You can't go back, they say, but unfortunately you can. One of the first SF novels I read when I were but a lad was a Biggles story, and today's on-line book search engines make it all too easy to go back.
Captain W.E. Johns's famous air ace Major James "Biggles" Bigglesworth had a certain SF flavour, thanks to his strange, unnatural longevity. He began his career flying Sopwith Camels against the Huns in the First World War, was even more active in winning the Battle of Britain and the Second World War in general, and continued into the late 1960s as chief pilot of something called the Air Section of Scotland Yard, with his old enemy the Nazi (by now ex-Nazi) Erich von Stalhein making regular returns to have his wicked plans foiled by irrepressible Biggles. Only the author's death in 1968 could stop him.
Where did our hero get his mysterious immunity from age? The answer may be in the one outright SF novel among the 102 Biggles books, Biggles Hits the Trail (1935). Here he visits the mysterious Mountain of Light in Tibet, seemingly just up the road from Shangri-La: "people who dwelt near it never suffered from any form of illness, and lived to a great age." It's called the Mountain of Light because, of course, it glows in the dark.
Back then, the general public was extremely hazy about nuclear physics and radiation sickness. W.E. Johns vaguely knew that hospitals used radium – so logically a mountain full of the stuff must emit powerful healing vibes in all directions. That visible glow also makes it easy for Biggles to locate the right peak, with the whole Himalayas to choose from, by simply waiting for dusk. How convenient.
What's more, the Mountain contains a special sort of radium whose powers have been harnessed by its fiendish, slant-eyed inhabitants, to create what were to become the favourite secret weapons of 1940s war gossip. Death rays, gadgets to cripple engine ignition at a distance, and even invisibility. There's a wonderfully silly scene with an Oriental assassin lurking in a cabin trunk. People notice that it's mysteriously heavy and open it to see the villain's knife and bottle of invisibility potion inside, but no one actually pokes a finger in there to detect the invisible occupant.
The best bit of gruesomeness, which gave the infant Langford a nightmare or two, is the bad guys' endless supply of albino electric centipedes with improbable fangs: "from a cruel, shark-like mouth protruded needle-like, incurved teeth". When Biggles, Algy and their friends enter forbidden territory, the radium-electric power is switched on to (a) activate the centipedes, and (b) glue our heroes to the ground with static electricity so they can't run away from the approaching horror. (An idea stolen from Kipling's 1912 SF story "As Easy As A.B.C.") Fortunately, cheeky sidekick Ginger is wearing rubber-soled shoes and saves the day.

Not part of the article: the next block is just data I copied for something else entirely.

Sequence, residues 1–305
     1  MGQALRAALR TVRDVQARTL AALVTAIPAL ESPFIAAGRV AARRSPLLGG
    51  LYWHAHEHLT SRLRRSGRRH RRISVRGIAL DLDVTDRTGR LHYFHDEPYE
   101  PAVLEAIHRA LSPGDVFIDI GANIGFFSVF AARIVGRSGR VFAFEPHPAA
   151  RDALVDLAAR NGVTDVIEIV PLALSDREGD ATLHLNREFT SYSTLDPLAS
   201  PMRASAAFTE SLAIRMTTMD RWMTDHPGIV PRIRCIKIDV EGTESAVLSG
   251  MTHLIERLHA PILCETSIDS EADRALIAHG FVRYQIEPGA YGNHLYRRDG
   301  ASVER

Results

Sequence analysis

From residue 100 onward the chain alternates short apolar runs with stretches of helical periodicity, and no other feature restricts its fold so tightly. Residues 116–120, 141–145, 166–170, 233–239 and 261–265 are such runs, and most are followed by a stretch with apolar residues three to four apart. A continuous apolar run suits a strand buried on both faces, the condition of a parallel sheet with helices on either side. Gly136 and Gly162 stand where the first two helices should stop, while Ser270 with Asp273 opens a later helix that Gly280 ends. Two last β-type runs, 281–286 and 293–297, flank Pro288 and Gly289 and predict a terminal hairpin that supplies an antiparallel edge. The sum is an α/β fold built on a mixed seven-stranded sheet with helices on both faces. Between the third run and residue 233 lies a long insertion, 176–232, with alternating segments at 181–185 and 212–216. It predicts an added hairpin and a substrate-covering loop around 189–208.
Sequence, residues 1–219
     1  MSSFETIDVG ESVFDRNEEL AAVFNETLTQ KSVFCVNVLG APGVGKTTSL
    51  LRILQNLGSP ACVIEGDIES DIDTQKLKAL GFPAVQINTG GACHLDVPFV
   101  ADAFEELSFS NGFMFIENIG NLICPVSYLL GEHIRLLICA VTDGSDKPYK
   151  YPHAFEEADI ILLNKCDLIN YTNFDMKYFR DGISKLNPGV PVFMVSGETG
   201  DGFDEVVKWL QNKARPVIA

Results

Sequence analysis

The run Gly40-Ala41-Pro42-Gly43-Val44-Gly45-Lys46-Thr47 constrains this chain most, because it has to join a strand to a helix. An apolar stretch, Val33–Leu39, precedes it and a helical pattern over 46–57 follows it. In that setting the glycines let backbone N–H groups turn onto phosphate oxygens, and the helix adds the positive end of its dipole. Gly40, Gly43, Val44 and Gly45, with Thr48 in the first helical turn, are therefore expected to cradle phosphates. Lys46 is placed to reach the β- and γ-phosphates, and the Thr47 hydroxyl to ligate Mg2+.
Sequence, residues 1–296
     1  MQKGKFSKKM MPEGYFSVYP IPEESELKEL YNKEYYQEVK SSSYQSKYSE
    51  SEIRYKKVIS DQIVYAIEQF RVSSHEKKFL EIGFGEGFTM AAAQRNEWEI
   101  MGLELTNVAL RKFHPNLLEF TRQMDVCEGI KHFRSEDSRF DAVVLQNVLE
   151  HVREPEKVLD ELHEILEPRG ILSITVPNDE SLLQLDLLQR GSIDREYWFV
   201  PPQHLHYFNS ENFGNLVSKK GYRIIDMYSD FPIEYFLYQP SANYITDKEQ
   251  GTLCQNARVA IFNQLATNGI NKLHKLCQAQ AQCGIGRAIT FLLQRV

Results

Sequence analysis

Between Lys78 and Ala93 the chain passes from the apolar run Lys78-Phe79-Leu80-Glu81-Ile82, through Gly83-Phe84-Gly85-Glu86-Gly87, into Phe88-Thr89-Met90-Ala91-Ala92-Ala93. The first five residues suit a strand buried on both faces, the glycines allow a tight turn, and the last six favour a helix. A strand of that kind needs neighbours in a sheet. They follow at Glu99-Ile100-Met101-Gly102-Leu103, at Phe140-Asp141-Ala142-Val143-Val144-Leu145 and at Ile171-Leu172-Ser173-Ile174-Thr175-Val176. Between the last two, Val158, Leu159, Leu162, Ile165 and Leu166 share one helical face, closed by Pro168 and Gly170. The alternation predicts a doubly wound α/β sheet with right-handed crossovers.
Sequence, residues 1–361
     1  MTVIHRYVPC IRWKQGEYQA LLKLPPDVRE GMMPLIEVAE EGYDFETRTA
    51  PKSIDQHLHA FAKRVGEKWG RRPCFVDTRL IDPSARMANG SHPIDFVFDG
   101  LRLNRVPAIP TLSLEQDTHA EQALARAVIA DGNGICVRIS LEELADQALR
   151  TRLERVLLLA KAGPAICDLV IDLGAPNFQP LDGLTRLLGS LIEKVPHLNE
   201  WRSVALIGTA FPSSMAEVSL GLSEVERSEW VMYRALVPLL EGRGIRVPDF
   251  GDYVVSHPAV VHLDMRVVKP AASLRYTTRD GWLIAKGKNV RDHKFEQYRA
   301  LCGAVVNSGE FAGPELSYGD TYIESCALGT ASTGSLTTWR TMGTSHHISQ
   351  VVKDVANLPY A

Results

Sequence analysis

Worse follows. The sinister, politically incorrect "Chungs" of the Mountain are just about to conquer the world with their death rays! "The whole British army could be wiped out at one click of a switch ..." Biggles is made of sterner stuff, and survives the touch of the dread Blue Ray by ducking fast.
Things still look grim for the staunch, stiff-upper-lipped aeronauts. Don't worry, though – the author will see them right, just as in a James Bond movie. It happens that the Chungs' base at the foot of the Mountain is conveniently below their vast hydro-electric dam, and a huge outcrop of rock above the dam is so precariously balanced that it could be tipped over with devastating effect by quite a small explosion, and Biggles & Co have an awful lot of cordite in the ammo for their express rifles and Lewis guns, and – but let's not give away the ending.
That weird radium isotope brings further problems when the team escapes with a mere quarter of a million pounds' worth of the stuff. Its rays make their plane's compass spin in crazy circles. Lost in Himalayan airspace? Luckily the aged Scots engineer (I forgot to mention the aged Scots engineer) soon solves that little difficulty. Homeward bound!
W.E. Johns's story is fast, slick, silly and predictably melodramatic. His ideas of science were preposterous beyond belief. Still, Biggles Hits the Trail is held together by real aviation expertise, unlike the same author's "official" SF series of dire juvenile novels, beginning with Kings of Space (1954). It even has one almost accurate SF prediction. In this 1935 yarn, the Tibetan naughtiness proves to be run by intruders from China, and in 1950 China occupied Tibet. They're still there.
David Langford doesn't dare look up another remembered Early Influence, a fantasy by Enid Blyton ...